One large oblong fossil poo surrounded by eight poops on smaller rocks. Some of the smaller poops are stringy, some are more circular.
Coprolites come in all shapes and sizes.

NPS photo

Coprolites are fossilized poops. The word coprolite comes from the Greek words kopros, meaning dung, and lithos, meaning stone.

Although the butt of many jokes, coprolites can be very helpful expanding our understanding of Fossil Lake. Initially, scientists thought the fishes lived in tributary streams and their bodies floated into the lake after death. Coprolites show that is incorrect. If they were pooping in the stream, the flowing water would break the delicate coprolites apart before they made it to the lake. To preserve delicate feces, the fishes had to be living in the calm waters of the lake when they pooped.

It is not possible to determine which animal left behind which poop, although we can make some guesses. With the abundance of fishes in the lake, we can assume the stringy coprolites that resemble modern fish poo came from fishes. Sometimes poops contain bones and teeth which can be used to identify the prey, though the predator’s identity remains a mystery. We can narrow down the pooping culprit by size, for example, an 8-inch-long coprolite likely came from a crocodilian or turtle and not a 5-inch Knightia eocaena.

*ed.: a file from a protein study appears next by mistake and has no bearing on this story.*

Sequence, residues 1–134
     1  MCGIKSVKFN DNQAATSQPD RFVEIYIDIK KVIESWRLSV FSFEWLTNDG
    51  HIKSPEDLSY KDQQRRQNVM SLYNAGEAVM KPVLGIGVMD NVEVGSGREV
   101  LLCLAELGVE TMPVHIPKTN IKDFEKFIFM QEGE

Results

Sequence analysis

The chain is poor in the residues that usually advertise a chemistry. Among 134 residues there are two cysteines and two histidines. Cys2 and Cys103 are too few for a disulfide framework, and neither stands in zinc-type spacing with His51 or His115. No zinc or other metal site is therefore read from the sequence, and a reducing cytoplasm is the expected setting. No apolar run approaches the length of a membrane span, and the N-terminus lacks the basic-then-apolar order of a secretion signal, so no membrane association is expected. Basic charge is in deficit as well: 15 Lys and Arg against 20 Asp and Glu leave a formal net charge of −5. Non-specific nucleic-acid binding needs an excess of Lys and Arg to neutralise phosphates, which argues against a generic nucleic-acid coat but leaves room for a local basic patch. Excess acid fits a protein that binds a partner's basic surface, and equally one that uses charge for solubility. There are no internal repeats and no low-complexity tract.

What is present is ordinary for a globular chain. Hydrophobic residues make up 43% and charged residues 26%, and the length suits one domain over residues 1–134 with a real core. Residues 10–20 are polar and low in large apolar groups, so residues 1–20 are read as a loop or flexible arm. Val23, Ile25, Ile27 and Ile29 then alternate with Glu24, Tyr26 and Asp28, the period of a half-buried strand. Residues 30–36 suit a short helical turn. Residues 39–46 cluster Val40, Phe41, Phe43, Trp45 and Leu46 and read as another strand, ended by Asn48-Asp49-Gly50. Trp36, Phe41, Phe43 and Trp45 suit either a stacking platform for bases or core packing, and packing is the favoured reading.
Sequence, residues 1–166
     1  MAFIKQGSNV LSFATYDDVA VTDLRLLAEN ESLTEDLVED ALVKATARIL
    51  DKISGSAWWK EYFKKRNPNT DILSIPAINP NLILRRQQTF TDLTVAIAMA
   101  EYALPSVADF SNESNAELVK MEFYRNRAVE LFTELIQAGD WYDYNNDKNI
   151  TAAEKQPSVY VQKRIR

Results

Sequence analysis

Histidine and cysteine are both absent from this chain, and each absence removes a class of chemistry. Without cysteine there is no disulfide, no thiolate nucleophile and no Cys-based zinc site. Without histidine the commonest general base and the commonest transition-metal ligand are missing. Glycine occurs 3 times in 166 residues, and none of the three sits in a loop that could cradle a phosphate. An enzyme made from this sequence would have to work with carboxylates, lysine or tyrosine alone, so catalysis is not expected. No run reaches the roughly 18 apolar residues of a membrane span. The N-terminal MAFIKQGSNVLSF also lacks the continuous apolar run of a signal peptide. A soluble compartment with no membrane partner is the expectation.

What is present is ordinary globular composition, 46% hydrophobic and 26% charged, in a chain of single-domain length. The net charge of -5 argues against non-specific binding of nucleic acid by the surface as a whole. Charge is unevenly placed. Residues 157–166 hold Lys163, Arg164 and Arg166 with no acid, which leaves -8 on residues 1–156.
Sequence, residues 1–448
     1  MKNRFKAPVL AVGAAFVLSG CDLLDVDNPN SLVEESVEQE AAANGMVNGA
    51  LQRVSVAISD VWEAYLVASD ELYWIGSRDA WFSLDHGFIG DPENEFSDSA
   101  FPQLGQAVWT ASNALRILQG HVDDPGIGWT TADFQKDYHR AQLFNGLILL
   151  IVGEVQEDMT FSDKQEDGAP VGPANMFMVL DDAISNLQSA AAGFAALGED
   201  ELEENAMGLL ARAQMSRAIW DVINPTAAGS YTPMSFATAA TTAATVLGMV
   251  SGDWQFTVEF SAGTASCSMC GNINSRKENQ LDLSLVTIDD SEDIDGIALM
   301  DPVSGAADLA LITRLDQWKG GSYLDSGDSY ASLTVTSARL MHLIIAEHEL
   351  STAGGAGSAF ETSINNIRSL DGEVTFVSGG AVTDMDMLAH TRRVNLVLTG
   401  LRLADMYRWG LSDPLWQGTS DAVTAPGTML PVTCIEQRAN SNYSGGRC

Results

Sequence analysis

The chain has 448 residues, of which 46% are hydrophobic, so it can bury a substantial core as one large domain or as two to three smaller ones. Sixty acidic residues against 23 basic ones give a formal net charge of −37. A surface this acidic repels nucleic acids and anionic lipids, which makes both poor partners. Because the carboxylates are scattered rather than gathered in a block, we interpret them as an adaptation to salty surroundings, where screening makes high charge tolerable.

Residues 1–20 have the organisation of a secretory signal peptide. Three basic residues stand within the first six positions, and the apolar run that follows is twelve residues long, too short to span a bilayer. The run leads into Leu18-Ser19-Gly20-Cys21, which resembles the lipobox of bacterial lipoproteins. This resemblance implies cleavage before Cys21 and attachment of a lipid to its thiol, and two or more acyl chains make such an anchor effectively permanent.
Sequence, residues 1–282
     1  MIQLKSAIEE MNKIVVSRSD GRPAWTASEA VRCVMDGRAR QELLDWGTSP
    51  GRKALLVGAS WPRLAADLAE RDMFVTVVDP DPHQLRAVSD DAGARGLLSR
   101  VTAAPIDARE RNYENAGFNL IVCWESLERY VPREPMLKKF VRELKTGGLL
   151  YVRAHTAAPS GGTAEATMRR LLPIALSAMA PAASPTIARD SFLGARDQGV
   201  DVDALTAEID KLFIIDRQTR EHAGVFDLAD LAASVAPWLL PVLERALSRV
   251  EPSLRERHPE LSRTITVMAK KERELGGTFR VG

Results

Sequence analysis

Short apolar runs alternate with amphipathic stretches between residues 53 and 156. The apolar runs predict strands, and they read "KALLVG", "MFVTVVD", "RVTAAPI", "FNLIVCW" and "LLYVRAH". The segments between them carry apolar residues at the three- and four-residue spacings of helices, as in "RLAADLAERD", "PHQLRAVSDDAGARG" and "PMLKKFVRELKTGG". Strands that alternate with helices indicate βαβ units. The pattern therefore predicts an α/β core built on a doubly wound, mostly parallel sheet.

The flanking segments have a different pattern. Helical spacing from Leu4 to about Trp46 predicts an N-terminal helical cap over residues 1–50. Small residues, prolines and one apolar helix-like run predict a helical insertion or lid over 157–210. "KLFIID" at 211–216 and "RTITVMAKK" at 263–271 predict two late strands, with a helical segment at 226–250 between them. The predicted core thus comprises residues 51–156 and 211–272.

Knightia eocaena with colonite. A long, thin fish fossil with a forked tail. There is an oblong shape inside the fish in the middle, right at the bottom.
Knightia eocaena with colonite, catalog number FOBU17646

NPS photo

The only time it is possible to tell whose poop it is for certain is when it is still inside the body. In this case it is known as a colonite because it is preserved in the colon. The Knightia eocaena to the left contains a colonite.

See hundreds of coprolites during your visit to the park in the most appropriate location: the restrooms.

Before your visit, preview our museum exhibits.

Last updated: January 31, 2024

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